MP York Central | Shadow Chancellor
Parl - 10 | Media - 12 | Policy - 22
I'd be happy to clarify for the Honorable Member. The simple answer is yes, no penalty would be incurred. Firefighters who cannot retire at age 60 as a result of being declared medically unfit will not incur any penalty; so while normally an early retiree would take a 9% penalty to their overall pension, that penalty will not be felt at all if an individual retires out of medical necessity.
Mr Speaker, sir,
What we should not forget in this matter is that the firefighters’ strike would never have happened had the Government not sought to impose a draconian and unfair pension reform on the many brave firefighters to whom we owe only the utmost respect and admiration.
This Government, which had already presided over an 11% pay cut for firefighters in real terms, sought to force members of the FBU to work for five more years, and sought to steal over 20% of their pension from them if they were unable to meet the physical fitness standards which apply to firefighters by the age of 60.
I am glad that the work of Matt Wrack, the General Secrrtary of the Fire Brigades Union, has led to an outcome which he considers fair for his members. It will now be for those members to decide at the ballot box whether they agree with the government’s new proposals: and we will back them, whatever the outcome of that vote.
Rt Hon. Juliet Manning MP, MSc (UCL)
MP for Luton South
Secretary of State for the Home Department
Minister for Defence
Lord High Chancellor
The Member for Luton South, one of the Opposition's more senior members, has just directly contradicted Labour's own Shadow Chancellor. Just this week the Shadow Chancellor pledged that Labour would support the deal: now, the Member for Luton South says otherwise. Are we to believe, Mr. Speaker, that Labour truly has no unified position on the deal. Because according to the Member for Luton South, the Opposition doesn't support the deal, they don't support the FBU Executive, and they will only act once the FBU membership has voted!
The Member for Luton South has exposed the Opposition for what they truly are: a disorganized band of politicians, unable to lead by principle and totally in fear of taking action until they know which course of action will reflect best in the opinion polls.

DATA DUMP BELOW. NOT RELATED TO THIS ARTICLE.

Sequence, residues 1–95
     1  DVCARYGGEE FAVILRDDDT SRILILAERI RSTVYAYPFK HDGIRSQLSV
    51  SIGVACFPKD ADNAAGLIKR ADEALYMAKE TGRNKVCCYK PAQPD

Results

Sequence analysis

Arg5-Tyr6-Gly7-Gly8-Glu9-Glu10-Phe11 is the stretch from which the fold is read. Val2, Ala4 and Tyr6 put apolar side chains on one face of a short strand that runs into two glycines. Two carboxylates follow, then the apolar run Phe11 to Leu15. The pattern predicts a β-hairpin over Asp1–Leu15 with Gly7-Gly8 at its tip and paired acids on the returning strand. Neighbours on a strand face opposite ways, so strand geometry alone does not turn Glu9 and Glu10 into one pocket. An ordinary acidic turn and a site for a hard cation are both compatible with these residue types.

The Labour Party had the opportunity to join the government, to join the FBU Executive, and to endorse a deal that would end these strikes and protect the safety of the British people. They've just refused to do so.
The pension reforms had to happen, there was no way around that. Unlike the previous Labour government, that ignored the pension fund's solvency in the hopes that the issue would resolve itself, the Coalition government took it head on. We made the tough decisions that needed to be made, resolute in the fact that these reforms guarantee the financial health of the pension fund for generations of firefighters to come. Strike or no strike, this was the right decision, and if it had to be done over again I would confidently make the same decision.
The suggestion that the government was trying to "steal," pensions away from firefighters is simply untrue, and the Honorable Member knows this, Mr. Speaker. The reforms don't impact those who are 45 and above, we've offered full or partial protection from the changes to a majority of active firefighters, and not a single pound is being taken from the pensions that firefighters have already earned.
Those, Mr. Speaker, are the actual facts of this debate, not the manufactured conjecture of a Labour Party clearly running out of good arguments.
I welcome the Government reaching a deal with the firefighters and would like to place on the record my support for the deal. I would also like to reiterate my happiness when it comes to the Government not using draconian measures such as banning strikes in their entirety to force firefighters back to work
Conservative MP for North East Bedfordshire
Leader of the Opposition
Prime Minister (2014)
Parliamentary Experience: Unknown (14)
Media Experience: Capable (45)
Policy Experience: Unknown (13)
The Party opposite never seem to be happy at all. We hear moans and groans when there are threats of strike action, we hear moans and groans when it looks as if the Government are not going to budge on their position, but when Government ministers and Secretaries of State, meet, listen and, in the end, compromise, with a Trade Union, in this instance - we still hear moans and groans.
The Party opposite should be happy that the Government have listened and that they have compromised, and they should, like the rest of us, be offering our support to the Government for reaching a compromise!
MP for Woking 2005 -
TOTAL EXPERIENCE 42